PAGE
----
At least four counties, including Palm Beach, may not have proper equipment to hold an election by June 10, the last date allowed by the Democratic National Committee.

The county has been gearing up to have the optical-scan system ready in time for primaries Aug. 26.

more...

http://www.palmbeachpost.com/localnews/content/tcoast/e...
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livvy Donating Member (1000+ posts) Send PM | Profile | Ignore Sat Mar-08-08 08:26 AM
Response to Reply #3
6. OH: Video Report Cuyahoga County Wants Its $21 Million Back on Voting Machines
Cuyahoga County wants its $21 million back on voting machines

Kim Wendel
Created: 3/7/2008 6:15:25 PM
Updated:3/7/2008 7:34:29 PM


Video
Play Video

Taxpayers in Cuyahoga County spent $21 million on malfunctioning electronic voting machines.
Now the county is demanding that the company that made them buy them back or face off with the county in court.

Diebold manufactured them, then the company switched its name to Premier.

The county also wants money for scanners it had to buy for the paper ballots that were used March 4 to replace the malfunctioning machines.

There's been no comment from Premier while the machines are collecting dust in a warehouse in Lorain.

Click the link below to view Channel 3 Senior Political Correspondent Tom Beres' report.

http://www.wkyc.com/video/player.aspx?aid=56851&bw= I never got the video to work. Maybe you'll have better luck, or it could be at their end.

http://www.wkyc.com/news/news_article.aspx?storyid=8469...
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livvy Donating Member (1000+ posts) Send PM | Profile | Ignore Sat Mar-08-08 08:54 AM
Response to Reply #3
8. The Cost of Freedom: Brattleboro Paid $5,000 For Indictment Issue
I know this isn't "election reform", but I found the article interesting, and it's about a subject close to my heart. Too bad we can't get every town, city, etc. to do this. Corner the rats...aarrrgghhh, matey. :rofl:

The cost of freedom: Brattleboro paid $5,000 for indictment issue
By BOB AUDETTE, Reformer Staff


Saturday, March 8
BRATTLEBORO -- Freedom of speech isn't exactly free.
It cost the town nearly $5,000 to deal with the feared repercussions of placing a special article calling for the indictment of the president and the vice president on the town warrant.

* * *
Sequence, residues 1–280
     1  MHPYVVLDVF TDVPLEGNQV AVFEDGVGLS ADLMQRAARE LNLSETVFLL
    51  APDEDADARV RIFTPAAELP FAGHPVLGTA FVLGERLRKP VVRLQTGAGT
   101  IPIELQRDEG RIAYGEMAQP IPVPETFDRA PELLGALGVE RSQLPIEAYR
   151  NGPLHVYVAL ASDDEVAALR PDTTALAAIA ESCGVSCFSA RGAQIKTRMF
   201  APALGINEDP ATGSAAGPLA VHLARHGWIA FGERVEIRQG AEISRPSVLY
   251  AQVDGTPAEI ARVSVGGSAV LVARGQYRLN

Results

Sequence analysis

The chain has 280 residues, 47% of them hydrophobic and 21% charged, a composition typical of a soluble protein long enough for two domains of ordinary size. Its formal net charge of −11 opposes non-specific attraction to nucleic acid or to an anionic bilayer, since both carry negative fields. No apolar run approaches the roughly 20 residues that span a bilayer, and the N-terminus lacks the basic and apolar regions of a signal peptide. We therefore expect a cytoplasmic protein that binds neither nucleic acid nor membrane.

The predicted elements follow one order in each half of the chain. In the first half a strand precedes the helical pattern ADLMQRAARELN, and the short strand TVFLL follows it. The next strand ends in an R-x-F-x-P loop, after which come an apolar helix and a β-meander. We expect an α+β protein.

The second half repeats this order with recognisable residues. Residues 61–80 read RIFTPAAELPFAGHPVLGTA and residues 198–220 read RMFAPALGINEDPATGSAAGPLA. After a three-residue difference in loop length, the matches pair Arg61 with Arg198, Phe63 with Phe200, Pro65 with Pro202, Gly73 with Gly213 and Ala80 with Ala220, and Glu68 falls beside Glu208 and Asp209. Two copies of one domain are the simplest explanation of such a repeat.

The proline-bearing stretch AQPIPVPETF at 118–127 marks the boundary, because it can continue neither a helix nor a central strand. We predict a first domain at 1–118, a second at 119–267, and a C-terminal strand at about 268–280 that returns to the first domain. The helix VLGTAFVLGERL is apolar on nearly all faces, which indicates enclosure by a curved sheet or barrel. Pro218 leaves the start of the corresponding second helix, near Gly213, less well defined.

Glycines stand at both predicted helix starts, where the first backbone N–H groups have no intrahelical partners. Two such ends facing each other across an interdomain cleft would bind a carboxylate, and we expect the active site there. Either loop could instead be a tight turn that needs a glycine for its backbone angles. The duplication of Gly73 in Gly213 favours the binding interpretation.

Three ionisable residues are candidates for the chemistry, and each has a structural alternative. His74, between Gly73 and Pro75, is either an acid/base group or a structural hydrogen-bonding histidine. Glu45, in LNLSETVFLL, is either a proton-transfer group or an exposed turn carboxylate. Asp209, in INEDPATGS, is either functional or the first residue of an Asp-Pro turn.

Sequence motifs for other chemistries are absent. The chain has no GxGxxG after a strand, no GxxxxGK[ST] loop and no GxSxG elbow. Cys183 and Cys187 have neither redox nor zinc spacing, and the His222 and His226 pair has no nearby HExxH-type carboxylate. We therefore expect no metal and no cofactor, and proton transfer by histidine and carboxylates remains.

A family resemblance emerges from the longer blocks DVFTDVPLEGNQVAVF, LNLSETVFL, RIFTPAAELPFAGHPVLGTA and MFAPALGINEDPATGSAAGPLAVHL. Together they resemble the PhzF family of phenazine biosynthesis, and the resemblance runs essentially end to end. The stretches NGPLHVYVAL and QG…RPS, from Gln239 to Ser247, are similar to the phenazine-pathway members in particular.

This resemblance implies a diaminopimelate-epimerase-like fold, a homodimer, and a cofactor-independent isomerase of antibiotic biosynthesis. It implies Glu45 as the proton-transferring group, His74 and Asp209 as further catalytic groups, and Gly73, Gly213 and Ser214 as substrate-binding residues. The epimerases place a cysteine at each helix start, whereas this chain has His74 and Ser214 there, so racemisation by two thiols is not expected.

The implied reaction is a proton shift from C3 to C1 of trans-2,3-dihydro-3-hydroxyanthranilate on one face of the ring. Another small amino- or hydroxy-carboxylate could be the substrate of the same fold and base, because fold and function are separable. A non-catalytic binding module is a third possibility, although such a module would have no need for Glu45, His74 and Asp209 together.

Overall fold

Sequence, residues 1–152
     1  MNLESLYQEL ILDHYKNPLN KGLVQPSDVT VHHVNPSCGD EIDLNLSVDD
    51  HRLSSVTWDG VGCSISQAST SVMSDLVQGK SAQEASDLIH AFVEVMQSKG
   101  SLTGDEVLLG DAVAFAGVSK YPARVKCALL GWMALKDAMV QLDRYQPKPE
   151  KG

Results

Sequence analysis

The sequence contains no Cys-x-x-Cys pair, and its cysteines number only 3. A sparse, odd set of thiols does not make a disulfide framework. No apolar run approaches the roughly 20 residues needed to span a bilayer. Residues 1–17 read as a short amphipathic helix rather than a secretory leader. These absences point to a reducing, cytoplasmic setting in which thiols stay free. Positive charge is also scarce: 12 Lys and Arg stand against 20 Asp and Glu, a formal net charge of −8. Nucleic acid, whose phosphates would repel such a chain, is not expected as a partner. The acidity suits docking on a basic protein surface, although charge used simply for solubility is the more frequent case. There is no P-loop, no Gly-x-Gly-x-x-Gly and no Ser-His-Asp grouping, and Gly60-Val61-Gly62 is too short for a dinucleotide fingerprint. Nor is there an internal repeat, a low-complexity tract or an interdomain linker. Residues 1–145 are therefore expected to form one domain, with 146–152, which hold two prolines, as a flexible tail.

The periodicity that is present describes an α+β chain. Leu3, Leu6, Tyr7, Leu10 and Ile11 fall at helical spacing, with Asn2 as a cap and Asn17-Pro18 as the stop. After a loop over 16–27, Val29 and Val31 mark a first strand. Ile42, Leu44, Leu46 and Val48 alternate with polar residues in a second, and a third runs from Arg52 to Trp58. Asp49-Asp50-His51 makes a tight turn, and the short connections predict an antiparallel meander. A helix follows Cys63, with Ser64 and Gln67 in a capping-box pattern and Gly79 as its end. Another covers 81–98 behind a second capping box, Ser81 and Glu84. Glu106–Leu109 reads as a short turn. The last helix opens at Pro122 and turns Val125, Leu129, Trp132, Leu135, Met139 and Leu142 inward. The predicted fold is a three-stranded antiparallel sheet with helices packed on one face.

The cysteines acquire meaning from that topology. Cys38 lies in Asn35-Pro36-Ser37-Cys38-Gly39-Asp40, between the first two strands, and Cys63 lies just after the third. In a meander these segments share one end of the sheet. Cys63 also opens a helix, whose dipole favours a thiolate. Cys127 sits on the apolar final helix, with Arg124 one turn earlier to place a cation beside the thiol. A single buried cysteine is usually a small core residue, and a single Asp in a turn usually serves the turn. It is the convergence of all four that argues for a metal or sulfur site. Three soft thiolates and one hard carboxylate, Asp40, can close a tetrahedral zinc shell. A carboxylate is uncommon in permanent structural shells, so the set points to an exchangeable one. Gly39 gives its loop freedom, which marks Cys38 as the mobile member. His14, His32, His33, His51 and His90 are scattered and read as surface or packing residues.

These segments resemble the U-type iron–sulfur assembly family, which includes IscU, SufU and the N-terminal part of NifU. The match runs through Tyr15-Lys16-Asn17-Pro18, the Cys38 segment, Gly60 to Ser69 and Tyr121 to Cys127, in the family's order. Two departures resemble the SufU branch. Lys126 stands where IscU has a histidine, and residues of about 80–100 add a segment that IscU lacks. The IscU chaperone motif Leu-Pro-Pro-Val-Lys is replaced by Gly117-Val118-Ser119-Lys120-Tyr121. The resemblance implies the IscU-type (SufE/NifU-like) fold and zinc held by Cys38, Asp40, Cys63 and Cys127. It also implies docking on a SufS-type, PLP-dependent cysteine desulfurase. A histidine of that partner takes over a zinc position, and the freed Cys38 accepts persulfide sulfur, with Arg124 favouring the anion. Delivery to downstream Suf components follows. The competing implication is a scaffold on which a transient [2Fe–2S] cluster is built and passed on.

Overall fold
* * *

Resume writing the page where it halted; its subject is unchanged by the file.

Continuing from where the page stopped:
That's just a preliminary estimate, said Town Manager Barbara Sondag, and includes only the personnel costs.

"This would be starting from the time we got the barrage of e-mails and phone calls," said Sondag, after the Selectboard agreed to place the indictment on the town warrant.

"It pretty much shut (the town clerk's office) down for a couple of days," she said.

At a Selectboard meeting on Jan. 25, the board voted 3-2 to forward to town voters a resolution calling for the arrests of both President George Bush and Vice President Richard Cheney if they ever find themselves in Brattleboro. Vermont is the one state in the union the two have never visited during their term in office.

more....


http://www.reformer.com/ci_8499708?source=most_emailed
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livvy Donating Member (1000+ posts) Send PM | Profile | Ignore Sat Mar-08-08 09:13 AM
Response to Reply #3
13. MN: Township Residents to Decide
Township residents to decide
By Mackenzie Ryan, maryan@stcloudtimes.com


Published: March 08. 2008 12:30AM - Last updated: March 08. 2008 2:30AM

As most of Minnesota's township officials prepare for annual meetings and elections Tuesday, residents in a few area townships will wait until November to elect their supervisors.

Residents in Crow Lake, Crow River, Lake George, Le Sauk and Paynesville townships in Stearns County have altered their election calendar so voting coincides with the November general election.

About 200 townships have switched to a November election cycle instead of holding elections at the March annual meeting, said Eugene Dufault with the Minnesota Association of Townships.

"We feel the turnout will be higher with the presidential election and other elections in the fall," Le Sauk supervisor Ron Naber said, adding that it's also a cost-savings measure.

more...

http://www.sctimes.com/apps/pbcs.dll/article?AID=/20080...
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livvy Donating Member (1000+ posts) Send PM | Profile | Ignore Sat Mar-08-08 09:20 AM
Response to Reply #3
14. CT: The Results Are In-Residents Voice Their Opinions On New Optical Scan Voting Machines
The results are in -Residents voice their opinions on new optical scan voting machines
By:Rochelle Moore, Staff Writer
03/07/2008

The Government Administration and Elections Committee held a public hearing on Feb. 21, for residents to voice any concerns they might have about the optical scan machines recently used at poll sites across the town during the primaries.